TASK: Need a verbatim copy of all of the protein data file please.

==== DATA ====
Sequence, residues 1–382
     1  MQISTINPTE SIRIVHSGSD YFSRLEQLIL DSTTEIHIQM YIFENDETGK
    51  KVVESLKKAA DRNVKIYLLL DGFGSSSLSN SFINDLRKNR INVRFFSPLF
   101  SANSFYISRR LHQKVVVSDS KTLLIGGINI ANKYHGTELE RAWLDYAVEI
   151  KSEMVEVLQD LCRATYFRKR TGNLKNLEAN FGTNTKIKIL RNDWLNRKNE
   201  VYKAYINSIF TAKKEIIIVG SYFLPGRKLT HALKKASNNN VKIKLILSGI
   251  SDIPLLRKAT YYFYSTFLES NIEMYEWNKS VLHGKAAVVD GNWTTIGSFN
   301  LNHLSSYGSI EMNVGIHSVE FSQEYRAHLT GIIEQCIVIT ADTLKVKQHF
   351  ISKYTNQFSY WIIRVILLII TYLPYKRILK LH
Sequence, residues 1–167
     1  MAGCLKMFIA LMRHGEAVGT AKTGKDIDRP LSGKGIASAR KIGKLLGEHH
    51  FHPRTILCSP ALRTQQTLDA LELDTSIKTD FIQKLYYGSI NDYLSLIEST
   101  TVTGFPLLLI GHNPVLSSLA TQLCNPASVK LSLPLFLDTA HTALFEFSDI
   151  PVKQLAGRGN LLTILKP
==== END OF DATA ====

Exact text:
Sequence, residues 1–382
     1  MQISTINPTE SIRIVHSGSD YFSRLEQLIL DSTTEIHIQM YIFENDETGK
    51  KVVESLKKAA DRNVKIYLLL DGFGSSSLSN SFINDLRKNR INVRFFSPLF
   101  SANSFYISRR LHQKVVVSDS KTLLIGGINI ANKYHGTELE RAWLDYAVEI
   151  KSEMVEVLQD LCRATYFRKR TGNLKNLEAN FGTNTKIKIL RNDWLNRKNE
   201  VYKAYINSIF TAKKEIIIVG SYFLPGRKLT HALKKASNNN VKIKLILSGI
   251  SDIPLLRKAT YYFYSTFLES NIEMYEWNKS VLHGKAAVVD GNWTTIGSFN
   301  LNHLSSYGSI EMNVGIHSVE FSQEYRAHLT GIIEQCIVIT ADTLKVKQHF
   351  ISKYTNQFSY WIIRVILLII TYLPYKRILK LH
Sequence, residues 1–167
     1  MAGCLKMFIA LMRHGEAVGT AKTGKDIDRP LSGKGIASAR KIGKLLGEHH
    51  FHPRTILCSP ALRTQQTLDA LELDTSIKTD FIQKLYYGSI NDYLSLIEST
   101  TVTGFPLLLI GHNPVLSSLA TQLCNPASVK LSLPLFLDTA HTALFEFSDI
   151  PVKQLAGRGN LLTILKP